To calculate your property taxes, you’ll next need to look at the “tax levy,” which is found in the top, left corner of your property tax notice. Each taxing authority, like the school district or the water district or the County, has a corresponding “tax levy” expressed in mills. A mill is equal to one-tenth of a percent. (23.5 mills = 2.35%) Tax levies are set by various local and state government bodies. The local Assessor’s office does not control tax levies, only valuations. Which tax levies apply to you is determined by the location of your property. For example, if you live in the Upper San Juan Library District, you have to pay the library tax levy of 1.509 mills.
Your actual tax bill is determined by multiplying the assessed value and the tax levy. Let’s say the $100,000 home in the previous example is located within the library district. If you multiply $7,960 times 1.509 mills (0.1509%), you get a tax bill of $12.01 for the library. The piece of vacant land assessed at the higher rate owes $43.76 to the library.
You can find all your various taxes calculated for you in the top, center of your property tax notice. All these taxes are added together to get your total tax bill. The first half of your 2010 taxes is due February 28, 2011, with the remaining half due June 15, 2011. Alternately, you can pay the entire amount due on April 30, 2011.
I hope I’ve managed to shed some light on the complex formulas and rules in place which lead to your property tax bill. If you have any questions about this process, your taxes, or your property valuation, I would love to hear from you. I hope you’ll think of me as not just a real estate broker, but an all-around
real estate consultant. I would love to be your source of information for all things related to real estate. I am always open to your questions, even if you have no intention of buying or selling anything.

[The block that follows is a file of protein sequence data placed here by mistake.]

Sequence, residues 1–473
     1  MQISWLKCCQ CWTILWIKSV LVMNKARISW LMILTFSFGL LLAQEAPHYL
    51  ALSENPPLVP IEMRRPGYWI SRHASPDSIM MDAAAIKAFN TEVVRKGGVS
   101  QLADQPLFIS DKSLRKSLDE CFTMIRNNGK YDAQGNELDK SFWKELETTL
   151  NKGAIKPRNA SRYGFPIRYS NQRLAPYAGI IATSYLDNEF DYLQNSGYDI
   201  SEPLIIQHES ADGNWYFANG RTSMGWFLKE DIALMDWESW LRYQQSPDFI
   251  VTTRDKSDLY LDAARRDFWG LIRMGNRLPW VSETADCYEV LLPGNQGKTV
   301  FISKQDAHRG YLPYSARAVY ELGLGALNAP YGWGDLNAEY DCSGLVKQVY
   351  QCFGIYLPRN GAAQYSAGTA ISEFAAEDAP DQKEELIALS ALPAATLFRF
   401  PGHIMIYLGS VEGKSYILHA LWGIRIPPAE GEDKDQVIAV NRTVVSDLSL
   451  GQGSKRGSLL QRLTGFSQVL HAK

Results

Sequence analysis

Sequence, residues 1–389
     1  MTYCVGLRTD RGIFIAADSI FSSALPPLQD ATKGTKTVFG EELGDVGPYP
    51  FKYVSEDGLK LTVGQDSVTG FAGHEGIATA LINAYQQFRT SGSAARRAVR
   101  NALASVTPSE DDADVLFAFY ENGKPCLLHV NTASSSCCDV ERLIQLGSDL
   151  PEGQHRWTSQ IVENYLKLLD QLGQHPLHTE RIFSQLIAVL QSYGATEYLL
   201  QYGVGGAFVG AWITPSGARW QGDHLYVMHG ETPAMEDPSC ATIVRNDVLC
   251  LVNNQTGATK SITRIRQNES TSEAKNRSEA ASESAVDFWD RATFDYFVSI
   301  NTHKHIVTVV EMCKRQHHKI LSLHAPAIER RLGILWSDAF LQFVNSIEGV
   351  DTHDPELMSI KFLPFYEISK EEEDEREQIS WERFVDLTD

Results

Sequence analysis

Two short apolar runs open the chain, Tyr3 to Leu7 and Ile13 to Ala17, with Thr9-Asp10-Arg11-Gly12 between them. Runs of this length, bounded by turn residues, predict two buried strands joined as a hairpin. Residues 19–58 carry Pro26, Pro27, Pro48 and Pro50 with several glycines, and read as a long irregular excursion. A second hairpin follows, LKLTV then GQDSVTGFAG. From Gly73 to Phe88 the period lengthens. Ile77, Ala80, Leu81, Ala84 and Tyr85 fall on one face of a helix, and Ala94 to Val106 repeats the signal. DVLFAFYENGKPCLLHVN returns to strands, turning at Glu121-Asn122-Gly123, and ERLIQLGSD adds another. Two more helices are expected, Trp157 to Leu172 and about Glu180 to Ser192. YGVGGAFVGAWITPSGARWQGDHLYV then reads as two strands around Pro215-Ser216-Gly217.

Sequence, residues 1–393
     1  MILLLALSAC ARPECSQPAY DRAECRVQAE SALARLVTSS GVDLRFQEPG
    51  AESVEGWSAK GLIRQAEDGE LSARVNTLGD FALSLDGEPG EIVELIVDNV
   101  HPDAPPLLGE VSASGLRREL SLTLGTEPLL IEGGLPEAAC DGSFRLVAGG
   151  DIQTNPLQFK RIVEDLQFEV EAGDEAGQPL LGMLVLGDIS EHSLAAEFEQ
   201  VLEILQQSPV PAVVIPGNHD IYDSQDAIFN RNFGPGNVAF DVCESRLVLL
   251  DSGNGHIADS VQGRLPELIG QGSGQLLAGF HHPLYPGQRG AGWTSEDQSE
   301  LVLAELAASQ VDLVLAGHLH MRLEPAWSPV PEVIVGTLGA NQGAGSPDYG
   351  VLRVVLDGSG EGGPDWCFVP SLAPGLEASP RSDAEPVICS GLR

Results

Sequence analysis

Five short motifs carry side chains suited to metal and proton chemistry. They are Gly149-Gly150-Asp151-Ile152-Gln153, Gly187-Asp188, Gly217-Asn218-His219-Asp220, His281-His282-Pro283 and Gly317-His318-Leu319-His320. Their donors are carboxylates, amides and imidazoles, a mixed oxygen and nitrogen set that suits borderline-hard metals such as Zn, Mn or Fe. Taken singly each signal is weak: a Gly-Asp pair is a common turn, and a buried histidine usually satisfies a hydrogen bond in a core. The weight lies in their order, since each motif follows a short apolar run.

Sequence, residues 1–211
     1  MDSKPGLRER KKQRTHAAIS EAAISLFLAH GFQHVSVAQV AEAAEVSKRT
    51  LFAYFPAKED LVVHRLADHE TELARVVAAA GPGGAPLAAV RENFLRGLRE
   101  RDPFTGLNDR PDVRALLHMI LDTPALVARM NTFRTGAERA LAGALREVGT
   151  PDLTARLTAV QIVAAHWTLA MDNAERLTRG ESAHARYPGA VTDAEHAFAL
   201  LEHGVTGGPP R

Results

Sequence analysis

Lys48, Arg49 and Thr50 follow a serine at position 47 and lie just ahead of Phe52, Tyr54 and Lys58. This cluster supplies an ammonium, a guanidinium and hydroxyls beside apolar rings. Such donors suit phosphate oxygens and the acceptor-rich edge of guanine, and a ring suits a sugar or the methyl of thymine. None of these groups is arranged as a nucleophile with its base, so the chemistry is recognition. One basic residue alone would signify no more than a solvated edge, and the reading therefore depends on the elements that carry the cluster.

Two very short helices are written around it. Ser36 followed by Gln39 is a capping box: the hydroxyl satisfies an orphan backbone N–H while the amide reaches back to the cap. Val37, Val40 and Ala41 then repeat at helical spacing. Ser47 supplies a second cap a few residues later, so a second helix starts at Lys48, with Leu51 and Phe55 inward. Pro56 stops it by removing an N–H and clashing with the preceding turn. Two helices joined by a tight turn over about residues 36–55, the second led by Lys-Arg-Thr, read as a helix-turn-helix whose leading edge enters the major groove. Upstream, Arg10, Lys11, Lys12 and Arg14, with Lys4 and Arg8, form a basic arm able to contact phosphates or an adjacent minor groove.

Finally, I’d like to briefly consider this month’s real estate statistics. As usual, it’s tough to make heads or tails of the stats this time of year. With only one month to go on, and a seasonally slow month at that, we’re dealing with a pretty small sample size. Overall the stats are flat, but there was a big jump in the number of residential sales. 10 homes sold this January compared to 5 last January.
We continue to get new bank repo listings every week or so. I’m encouraging buyers not to “sit out” the winter, because this is the time of year when a lot of the best deals happen. Sellers are motivated, and you’re less likely to get into a bidding war. Consumer Reports recently stated that January and February are the two best months to buy a home.
Inventory numbers are looking better than they have in quite some time. Homes, condos, and vacant land are all at multi-year lows. The clock is ticking until those numbers rise again in the spring. I’ve been telling all my clients that it’s much better to list in March rather than the more traditional month of May. Why not list now and beat the rush? Maybe you can sneak a sale in before the wave of competition arrives once the flowers come up.
Call me today and we can beat the rush!